Friday, November 23, 2012

Review: KISS "The Casablanca Singles 1974-1982"

Wayne Parry, Associated Press

No act has been better at getting you to buy songs you already own in numerous formats than Kiss. With at least 18 greatest hits, compilation or box set albums on the market, here comes ye
t another one. Something in the neighbourhood of $145 will get you this latest box set, a re-release of 29 U.S. Kiss singles, each on 45 rpm vinyl records (remember those?)

Box sets have two main selling points: previously unavailable music, and way-cool packaging. Because these singles have all been out there for decades, this box set's appeal lies in its presentation. Weighing in at a hefty eight pounds, the set starts with the band's very first single, "Nothin' To Lose," with the flip side "Love Theme From Kiss" from way back in 1974. All but three of the singles come with decorative foreign sleeves with elaborate artwork, and, in the case of the Japanese sleeves, hilarious mistranslations of lyrics. A line from "C'mon And Love Me" morphs from, "The lights are out" to "Your lives are out." Even the misprints are faithfully preserved: Peter Criss' solo single "You Matter To Me" appears as "You Still Matter To Me" on the label.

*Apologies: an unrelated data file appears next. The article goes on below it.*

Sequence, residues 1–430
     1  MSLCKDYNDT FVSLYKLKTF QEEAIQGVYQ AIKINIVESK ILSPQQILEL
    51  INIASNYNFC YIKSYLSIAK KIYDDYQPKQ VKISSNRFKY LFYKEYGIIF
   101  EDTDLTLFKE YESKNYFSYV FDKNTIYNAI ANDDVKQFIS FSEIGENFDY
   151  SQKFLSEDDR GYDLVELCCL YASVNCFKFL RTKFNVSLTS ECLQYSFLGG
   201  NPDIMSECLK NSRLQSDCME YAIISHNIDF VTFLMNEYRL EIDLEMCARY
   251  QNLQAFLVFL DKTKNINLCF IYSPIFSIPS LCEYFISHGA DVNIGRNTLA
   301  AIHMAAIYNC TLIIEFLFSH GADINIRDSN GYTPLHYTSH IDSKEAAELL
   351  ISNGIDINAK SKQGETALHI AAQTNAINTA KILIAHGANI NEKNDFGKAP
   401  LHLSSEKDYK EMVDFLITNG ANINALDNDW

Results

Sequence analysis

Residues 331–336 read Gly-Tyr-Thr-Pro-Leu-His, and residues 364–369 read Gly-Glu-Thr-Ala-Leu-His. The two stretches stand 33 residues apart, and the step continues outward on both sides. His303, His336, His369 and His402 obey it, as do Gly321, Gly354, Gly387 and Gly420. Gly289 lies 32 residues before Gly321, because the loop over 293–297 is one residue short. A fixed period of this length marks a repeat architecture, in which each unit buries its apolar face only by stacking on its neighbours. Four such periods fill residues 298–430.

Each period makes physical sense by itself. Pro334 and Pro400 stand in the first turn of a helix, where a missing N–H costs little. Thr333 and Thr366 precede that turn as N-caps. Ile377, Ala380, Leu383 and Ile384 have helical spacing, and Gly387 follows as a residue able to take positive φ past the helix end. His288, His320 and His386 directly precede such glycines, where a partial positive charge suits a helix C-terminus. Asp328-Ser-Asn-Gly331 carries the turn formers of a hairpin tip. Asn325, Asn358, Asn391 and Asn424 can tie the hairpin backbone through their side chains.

Far and away the coolest are the singles from each of the band's solo albums, pressed in colored vinyl: red for Gene Simmons, purple for Paul Stanley, green for Criss and blue for Ace Frehley. Each of these four also comes with a cut-out Halloween-type mask of each member's face in Kiss makeup, a throwback to the days when Kiss albums came loaded with swag.

Die-hard Kiss fans will probably want to pick this up — provided they still have turntables.

More info at www.universalmusicenterprises.com/select/product

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